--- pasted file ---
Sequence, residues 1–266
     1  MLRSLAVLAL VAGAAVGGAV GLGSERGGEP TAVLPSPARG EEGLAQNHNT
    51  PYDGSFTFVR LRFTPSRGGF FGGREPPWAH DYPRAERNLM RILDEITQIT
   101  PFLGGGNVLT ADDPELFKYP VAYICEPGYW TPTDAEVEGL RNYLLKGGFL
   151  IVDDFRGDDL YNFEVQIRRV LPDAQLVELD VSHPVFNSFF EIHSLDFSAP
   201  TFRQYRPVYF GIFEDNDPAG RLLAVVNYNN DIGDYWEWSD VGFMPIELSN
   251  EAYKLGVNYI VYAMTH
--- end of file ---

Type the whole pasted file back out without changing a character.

Sequence, residues 1–266
     1  MLRSLAVLAL VAGAAVGGAV GLGSERGGEP TAVLPSPARG EEGLAQNHNT
    51  PYDGSFTFVR LRFTPSRGGF FGGREPPWAH DYPRAERNLM RILDEITQIT
   101  PFLGGGNVLT ADDPELFKYP VAYICEPGYW TPTDAEVEGL RNYLLKGGFL
   151  IVDDFRGDDL YNFEVQIRRV LPDAQLVELD VSHPVFNSFF EIHSLDFSAP
   201  TFRQYRPVYF GIFEDNDPAG RLLAVVNYNN DIGDYWEWSD VGFMPIELSN
   251  EAYKLGVNYI VYAMTH